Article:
MARY REICHARD, HOST: Today is Monday, April 30th. Thank you for turning to WORLD Radio to help start your day. Good morning. I’m Mary Reichard.
NICK EICHER, HOST: And I’m Nick Eicher. Coming next on The World and Everything in It, the Monday Moneybeat.
On Friday, the Commerce Department released GDP numbers, gross domestic product growth for the first three months of the year: January, February, and March. It’s a sort of first-quarter economic report card. And it showed an annual growth rate of 2.3 percent. That’s significantly less than the previous quarter, but more than expected. And it’s more than a full percentage point better than the same time last year.
Many economic analysts looked at the decline in consumer spending and forecasted GDP growth would come in below two percent. Those everyday purchases we make account for 70 percent of GDP. But business investment in the first quarter was strong and that helped to bolster the economy.
REICHARD: The Trump administration is counting on average annual growth of three percent. That’s the basis for its tax-and-spending projections. GDP growth averaged less than that, 2.6 percent last year, and the White House hopes the tax reform that just took effect will push it past three this year.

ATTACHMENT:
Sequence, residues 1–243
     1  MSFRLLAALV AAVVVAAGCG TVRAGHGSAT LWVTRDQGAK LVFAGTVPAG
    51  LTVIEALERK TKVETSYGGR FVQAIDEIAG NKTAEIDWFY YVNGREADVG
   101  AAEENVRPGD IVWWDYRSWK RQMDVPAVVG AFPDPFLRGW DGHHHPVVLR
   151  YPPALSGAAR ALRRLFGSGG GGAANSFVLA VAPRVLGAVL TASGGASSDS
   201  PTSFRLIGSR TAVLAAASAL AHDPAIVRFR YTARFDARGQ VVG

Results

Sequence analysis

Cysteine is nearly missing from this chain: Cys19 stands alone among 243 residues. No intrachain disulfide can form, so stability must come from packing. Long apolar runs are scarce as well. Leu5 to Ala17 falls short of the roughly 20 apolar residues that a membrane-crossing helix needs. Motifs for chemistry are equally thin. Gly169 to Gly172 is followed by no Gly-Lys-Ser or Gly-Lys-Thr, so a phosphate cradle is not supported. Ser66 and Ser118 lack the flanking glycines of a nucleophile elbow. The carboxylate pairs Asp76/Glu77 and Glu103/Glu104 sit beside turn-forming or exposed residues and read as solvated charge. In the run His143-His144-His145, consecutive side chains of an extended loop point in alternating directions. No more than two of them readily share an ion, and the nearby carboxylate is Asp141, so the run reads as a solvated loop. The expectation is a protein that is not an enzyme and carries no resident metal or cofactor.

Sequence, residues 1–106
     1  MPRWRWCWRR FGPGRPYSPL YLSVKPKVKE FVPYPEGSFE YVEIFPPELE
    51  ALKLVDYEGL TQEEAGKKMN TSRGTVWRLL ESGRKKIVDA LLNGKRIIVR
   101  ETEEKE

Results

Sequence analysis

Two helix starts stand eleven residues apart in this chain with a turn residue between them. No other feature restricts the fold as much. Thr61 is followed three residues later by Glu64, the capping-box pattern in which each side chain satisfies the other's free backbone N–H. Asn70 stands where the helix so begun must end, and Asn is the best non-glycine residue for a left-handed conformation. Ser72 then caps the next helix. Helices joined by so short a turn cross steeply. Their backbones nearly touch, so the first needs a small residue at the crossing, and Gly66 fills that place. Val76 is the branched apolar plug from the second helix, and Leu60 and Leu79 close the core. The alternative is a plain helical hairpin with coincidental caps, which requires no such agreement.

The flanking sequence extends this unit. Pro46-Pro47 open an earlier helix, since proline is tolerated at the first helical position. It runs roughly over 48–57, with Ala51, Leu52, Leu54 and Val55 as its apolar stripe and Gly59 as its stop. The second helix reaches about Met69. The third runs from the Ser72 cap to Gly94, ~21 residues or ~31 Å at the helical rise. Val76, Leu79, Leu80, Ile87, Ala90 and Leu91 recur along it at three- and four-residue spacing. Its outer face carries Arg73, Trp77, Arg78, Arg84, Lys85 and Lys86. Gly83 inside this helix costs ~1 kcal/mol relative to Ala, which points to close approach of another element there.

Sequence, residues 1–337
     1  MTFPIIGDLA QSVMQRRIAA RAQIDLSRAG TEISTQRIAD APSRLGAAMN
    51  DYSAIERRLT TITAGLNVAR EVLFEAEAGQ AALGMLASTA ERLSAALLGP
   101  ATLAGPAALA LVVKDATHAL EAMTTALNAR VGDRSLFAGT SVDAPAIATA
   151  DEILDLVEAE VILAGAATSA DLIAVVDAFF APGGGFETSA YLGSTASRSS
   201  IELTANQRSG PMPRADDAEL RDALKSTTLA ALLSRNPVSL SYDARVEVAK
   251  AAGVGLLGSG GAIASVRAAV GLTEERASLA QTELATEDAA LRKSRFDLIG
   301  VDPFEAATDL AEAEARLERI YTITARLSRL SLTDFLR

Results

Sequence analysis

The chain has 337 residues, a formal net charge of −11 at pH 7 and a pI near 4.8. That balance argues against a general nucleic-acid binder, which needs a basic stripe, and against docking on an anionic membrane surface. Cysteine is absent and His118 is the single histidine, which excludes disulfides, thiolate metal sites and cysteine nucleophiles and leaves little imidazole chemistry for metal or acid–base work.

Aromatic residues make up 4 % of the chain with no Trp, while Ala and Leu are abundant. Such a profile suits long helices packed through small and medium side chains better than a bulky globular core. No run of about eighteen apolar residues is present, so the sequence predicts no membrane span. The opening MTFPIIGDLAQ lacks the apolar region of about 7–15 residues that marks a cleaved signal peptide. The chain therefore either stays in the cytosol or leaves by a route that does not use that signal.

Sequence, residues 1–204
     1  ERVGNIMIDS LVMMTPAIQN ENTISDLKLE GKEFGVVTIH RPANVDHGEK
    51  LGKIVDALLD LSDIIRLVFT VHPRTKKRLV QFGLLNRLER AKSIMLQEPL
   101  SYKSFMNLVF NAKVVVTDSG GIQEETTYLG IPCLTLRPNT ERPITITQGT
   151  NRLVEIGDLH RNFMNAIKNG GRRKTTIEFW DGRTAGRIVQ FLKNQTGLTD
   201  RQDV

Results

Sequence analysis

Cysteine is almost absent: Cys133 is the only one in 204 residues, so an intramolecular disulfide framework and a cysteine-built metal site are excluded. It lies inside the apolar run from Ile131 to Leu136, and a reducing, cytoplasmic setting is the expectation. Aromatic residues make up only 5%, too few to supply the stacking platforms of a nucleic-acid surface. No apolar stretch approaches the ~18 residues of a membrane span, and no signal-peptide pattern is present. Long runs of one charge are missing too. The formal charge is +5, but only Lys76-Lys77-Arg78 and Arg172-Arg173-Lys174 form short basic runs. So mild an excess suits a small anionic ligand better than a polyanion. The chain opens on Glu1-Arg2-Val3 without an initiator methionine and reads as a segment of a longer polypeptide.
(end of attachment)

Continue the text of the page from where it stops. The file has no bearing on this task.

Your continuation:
EICHER: Economists call any growth in GDP expansion, the opposite of recession. And the economy’s been growing since the Great Recession ended in the middle of 2009. But during the Obama administration, it grew very slowly, averaging just 2.2 percent each quarter. So we’re in the weakest expansion in the years since World War II. But it’s also the second-longest one in U.S. economic history. If GDP continues growing through June of next year, it will become the longest expansion in history. The current longest winning streak is the 10-year recovery of the 1990s.
REICHARD: A quiet week on Wall Street, but a losing week. All the major indexes declined slightly: The Standard & Poor’s 500, the Dow Jones Industrial Average, the Nasdaq, and the index of smaller company stocks, the Russell 2000, all of them fell in value by less than a percentage point. So on the year, two of the major indexes are down, the S&P and the Dow, and two of them are up, the Nasdaq and the Russell.
And that’s this week’s Monday Moneybeat.